Evolution of the continents
Hoffman, Paul F. School of Earth and Ocean Sciences, University of Victoria, British Columbia, Canada.
- Constructive processes
- Destructive processes
- Continents and Earth history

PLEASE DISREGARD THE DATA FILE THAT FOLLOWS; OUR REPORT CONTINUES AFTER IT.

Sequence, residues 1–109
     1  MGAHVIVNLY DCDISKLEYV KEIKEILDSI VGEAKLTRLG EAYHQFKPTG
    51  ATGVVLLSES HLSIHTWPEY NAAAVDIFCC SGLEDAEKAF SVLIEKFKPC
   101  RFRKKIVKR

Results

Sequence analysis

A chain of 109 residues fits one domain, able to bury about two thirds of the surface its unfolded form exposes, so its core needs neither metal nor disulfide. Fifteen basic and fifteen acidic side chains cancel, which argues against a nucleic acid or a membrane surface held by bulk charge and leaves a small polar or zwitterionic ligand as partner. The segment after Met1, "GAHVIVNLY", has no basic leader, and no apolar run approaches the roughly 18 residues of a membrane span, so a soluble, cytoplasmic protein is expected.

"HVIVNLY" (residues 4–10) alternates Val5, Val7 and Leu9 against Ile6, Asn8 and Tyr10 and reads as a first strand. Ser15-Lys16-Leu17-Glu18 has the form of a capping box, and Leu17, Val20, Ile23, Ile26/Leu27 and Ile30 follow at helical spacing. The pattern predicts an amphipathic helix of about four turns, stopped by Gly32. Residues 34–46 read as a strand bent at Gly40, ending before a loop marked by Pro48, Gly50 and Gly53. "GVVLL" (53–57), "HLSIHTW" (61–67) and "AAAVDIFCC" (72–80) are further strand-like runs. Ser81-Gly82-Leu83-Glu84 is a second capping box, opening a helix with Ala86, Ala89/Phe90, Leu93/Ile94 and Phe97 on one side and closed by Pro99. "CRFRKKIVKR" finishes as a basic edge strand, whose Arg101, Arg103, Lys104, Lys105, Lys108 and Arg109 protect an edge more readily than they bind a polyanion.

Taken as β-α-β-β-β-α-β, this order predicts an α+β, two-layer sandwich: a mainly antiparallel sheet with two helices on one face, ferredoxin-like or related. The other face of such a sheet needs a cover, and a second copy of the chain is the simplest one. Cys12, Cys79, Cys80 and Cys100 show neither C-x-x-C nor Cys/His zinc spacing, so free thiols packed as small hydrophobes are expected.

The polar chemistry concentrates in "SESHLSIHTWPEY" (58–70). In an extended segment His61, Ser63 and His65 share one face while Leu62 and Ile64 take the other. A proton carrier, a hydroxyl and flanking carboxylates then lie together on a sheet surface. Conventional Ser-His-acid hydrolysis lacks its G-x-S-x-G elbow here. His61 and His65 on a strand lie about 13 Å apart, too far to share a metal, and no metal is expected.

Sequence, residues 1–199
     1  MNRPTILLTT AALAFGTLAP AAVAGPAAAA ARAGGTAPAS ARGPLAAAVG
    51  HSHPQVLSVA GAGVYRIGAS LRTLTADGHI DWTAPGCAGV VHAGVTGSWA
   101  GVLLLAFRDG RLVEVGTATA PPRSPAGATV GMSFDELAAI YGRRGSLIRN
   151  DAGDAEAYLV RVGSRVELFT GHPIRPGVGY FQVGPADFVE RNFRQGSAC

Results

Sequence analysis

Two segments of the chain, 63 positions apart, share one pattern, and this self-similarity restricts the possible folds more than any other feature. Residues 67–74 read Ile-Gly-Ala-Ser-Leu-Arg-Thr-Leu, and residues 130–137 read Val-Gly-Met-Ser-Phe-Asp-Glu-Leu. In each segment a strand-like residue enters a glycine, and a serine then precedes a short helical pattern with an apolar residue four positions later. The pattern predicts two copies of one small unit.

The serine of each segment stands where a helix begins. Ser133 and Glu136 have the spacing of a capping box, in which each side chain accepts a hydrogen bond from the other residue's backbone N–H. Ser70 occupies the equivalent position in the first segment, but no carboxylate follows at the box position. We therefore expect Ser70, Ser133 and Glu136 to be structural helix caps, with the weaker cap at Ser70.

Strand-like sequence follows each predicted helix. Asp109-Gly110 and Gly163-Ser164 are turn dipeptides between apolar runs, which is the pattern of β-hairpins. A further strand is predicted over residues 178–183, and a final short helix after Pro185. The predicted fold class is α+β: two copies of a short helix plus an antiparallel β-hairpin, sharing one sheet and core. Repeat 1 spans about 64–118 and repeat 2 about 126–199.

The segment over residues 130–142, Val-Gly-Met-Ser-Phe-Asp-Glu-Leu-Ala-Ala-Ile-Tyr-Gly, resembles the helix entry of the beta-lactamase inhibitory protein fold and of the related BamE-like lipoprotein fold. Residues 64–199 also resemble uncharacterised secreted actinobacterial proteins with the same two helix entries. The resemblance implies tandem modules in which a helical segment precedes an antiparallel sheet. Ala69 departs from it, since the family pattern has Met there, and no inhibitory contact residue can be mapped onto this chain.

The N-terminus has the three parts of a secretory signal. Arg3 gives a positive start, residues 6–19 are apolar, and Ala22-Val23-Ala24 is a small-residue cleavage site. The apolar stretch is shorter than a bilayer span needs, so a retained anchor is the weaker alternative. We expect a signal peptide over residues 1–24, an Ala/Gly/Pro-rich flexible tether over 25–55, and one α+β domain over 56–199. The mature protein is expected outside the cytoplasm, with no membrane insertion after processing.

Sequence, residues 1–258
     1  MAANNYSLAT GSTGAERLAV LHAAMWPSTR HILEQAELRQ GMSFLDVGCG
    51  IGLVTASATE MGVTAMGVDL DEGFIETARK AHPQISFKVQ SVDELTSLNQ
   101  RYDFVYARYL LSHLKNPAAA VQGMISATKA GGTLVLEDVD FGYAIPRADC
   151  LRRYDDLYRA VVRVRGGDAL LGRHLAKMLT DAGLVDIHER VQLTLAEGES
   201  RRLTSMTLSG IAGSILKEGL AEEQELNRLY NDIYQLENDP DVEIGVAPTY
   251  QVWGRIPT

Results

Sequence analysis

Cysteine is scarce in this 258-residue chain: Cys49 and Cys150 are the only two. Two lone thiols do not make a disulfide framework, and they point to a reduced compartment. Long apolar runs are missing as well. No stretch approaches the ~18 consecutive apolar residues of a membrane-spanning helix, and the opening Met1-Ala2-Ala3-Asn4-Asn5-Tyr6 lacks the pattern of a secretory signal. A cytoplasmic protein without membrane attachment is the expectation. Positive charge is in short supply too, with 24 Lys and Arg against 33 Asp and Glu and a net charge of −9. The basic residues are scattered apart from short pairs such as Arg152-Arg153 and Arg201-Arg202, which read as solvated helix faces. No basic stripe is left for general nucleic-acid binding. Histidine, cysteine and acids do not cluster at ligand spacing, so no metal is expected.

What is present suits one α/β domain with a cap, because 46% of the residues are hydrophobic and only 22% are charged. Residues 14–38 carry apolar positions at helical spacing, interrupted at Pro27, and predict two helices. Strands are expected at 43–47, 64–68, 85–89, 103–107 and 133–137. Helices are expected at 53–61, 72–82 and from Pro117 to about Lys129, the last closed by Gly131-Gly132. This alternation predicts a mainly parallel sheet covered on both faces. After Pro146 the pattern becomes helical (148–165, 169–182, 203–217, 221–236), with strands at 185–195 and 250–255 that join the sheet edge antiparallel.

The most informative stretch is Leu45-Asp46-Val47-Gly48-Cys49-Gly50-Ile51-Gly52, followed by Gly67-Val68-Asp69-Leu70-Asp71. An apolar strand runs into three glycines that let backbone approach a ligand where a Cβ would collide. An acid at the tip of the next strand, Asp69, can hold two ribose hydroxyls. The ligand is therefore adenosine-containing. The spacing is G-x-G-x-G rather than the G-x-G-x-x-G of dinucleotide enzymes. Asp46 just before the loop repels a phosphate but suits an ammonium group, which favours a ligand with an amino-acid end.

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The process that led to the formation of the continents. The Earth's crust is distinctively bimodal in thickness. Oceanic crust is normally about 4 mi (7 km) thick, varying mainly with the temperature of the mantle beneath the sea-floor spreading ridges when the crust was formed. In contrast, the typical 22–25-mi (35–40-km) thickness of continental crust is controlled ultimately—through the agents of erosion, sedimentation, and isostatic adjustment—by sea level. Oceanic crust is formed at spreading ridges, continental crust at subduction zones. Both are recycled to the mantle, but oceanic crust, being less buoyant, is recycled about 30 times faster than continental crust. Consequently, continents, having a mean age of almost 2 billion years and a maximum age of 4 billion years, provide the only directly accessible record spanning most of Earth history. They are, however, structurally more complex than ocean basins because of their great antiquity and weak rheology. See also: Earth crust; Mid-Oceanic Ridge
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